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My Dream Cycle Tour – Munnar

Copyright Art of Bicycle Trips-kerala cycling holidays

From a conversation(in malayalam) during a bicycle ride to Munnar –

Villager –  Ningal Munnarilekku cycle chavittukayano? (Are you cycling to Munnar?)
Cyclist – Athe athe (Yes! yes! )
Villager – Ningal adipoli! (You guys are awesome!)

Awesomeness aside, what is it that the hill station Munnar has in store for cyclists you ask?

Standing a 1500+ meters above sea level, with a cooler climate compared to the Keralan coast, conquering the tea carpeted mighty mountains of western ghats on pedal power give you a sense of achievement.
If you love cycling in mountains and you are in Kerala, Munnar is a must to be explored on a bike.

Lets take a virtual ride through Munnar, Kerala and you can see for yourself.

The starting point of the ride is the foothills of western ghats, near the small town of Neriamangalam, along side rubber and pineapple plantations. With an easy start and few downhills to begin with, we get to warm up our legs before slowly hitting the climbs. We cycle through a forested section with bamboo groves and tall trees on one side.

If you are cycling during monsoon or just after, you are welcomed by little waterfalls on the way. Stop by and wash your face and feet in this chilled water flowing from the mountains.

Copyright Art of Bicycle Trips-Kerala Cycling Holidays

A short break at the waterfalls and voila! You are completely refreshed and ready to hit more climbs leading towards Munnar.

Along the way you can see and experience, the Periyar River deep in  the valley, a hydro-electric project, churches, a basket weaving community settlement from neighbouring state of Tamil Nadu, water gushing out through one or more open sluice gates of Kallarkutty dam (if you are biking in August) and few toddy shops serving spicy curries with tapioca. Toddy is a locally brewed alcohol made from coconut or palm flower bud sap. You have to try it when here to know why it is popular in these parts!

Soon you will reach Chithirapuram and that is when you will say “Wow! This is so beautiful.” This is the first stretch of tea plantation that you see. Munnar town is just 6 km away from here.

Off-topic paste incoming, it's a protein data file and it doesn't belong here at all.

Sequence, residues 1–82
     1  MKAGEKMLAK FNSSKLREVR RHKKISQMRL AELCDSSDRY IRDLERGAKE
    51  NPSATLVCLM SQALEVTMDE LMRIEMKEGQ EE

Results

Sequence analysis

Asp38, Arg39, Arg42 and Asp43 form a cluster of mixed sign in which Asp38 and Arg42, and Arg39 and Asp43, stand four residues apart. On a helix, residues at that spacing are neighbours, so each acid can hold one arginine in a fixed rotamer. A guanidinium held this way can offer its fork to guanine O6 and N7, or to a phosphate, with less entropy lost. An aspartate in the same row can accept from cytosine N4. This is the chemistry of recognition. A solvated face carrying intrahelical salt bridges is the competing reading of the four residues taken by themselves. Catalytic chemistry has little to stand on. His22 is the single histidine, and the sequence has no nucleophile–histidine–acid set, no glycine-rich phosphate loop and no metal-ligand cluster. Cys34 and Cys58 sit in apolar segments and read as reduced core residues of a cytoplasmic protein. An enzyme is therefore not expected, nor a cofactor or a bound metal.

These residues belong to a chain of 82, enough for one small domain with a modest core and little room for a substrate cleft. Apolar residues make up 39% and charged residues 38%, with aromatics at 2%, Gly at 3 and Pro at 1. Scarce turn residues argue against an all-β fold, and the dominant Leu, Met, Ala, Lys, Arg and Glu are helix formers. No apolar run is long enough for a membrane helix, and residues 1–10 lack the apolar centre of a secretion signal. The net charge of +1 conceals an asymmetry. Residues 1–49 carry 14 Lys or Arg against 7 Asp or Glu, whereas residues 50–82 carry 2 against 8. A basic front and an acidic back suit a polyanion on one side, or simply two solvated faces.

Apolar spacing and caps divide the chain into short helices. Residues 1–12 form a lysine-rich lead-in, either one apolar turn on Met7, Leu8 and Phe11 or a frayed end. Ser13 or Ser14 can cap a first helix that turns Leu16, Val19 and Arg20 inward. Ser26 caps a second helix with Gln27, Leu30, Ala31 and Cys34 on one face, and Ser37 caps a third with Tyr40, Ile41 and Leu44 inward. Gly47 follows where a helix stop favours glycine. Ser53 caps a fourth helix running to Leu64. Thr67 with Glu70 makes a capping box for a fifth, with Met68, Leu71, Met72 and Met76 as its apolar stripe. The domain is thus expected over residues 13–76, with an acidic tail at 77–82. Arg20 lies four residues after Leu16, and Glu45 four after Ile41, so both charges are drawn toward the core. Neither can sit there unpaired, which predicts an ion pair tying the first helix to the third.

Copyright Art of Bicycle Trips-Kerala Cycling Holidays

Munnar is culturally very different from other parts of Kerala. It has a predominant Tamil culture due to the settlement of migrants from Tamil Nadu who came here to work in the plantations.

The story is that the British found it very hard to get people from Kerala to work in tea plantations, so they finally brought in people from Tamil Nadu who where ready to do the hard work and this changed the landscape of Munnar!

To this day, the women from these communities pluck the tea leaves in the estates here while the men work in tea factories that process the leaves. The town of Munnar is quite small and it is packed with people and shops. When in Munnar, you can visit tea museum and learn about the history of Munnar – which is intertwined with that of tea.

 

Another place you can visit is establishment called Srishti. Srishti was started by TATA group to rehabilitate the physically and mentally challenged children of tea plantation workers.

But hey wait, the ride to Munnar is not complete without cycling to Top Station. A steady climb that takes you to an altitude of 2000 m and to the highest point in Kerala.

If you wish to ride and explore this beautiful part of Kerala by bicycle, be sure to check out the link provided here.

With this third and final post, this series of blog posts that describe Dibin’s dream cycling tour route through Kerala now comes to an end. You can read the first part about cycling Fort Kochi here and the second part about cycling the backwaters of Kerala here.

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If you are considering cycling through Kerala, feel free to write to Dibin our Kerala and Sri Lanka bike tour expert classic(at)artofbicycletrips(dot)com for inputs. Cheers!

Author: Dibin

Editor: Ashwini

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  1. […] link that follows if you missed the first part of my dream Kerala cycling route and you can also read the third part on cycling Munnar here […]

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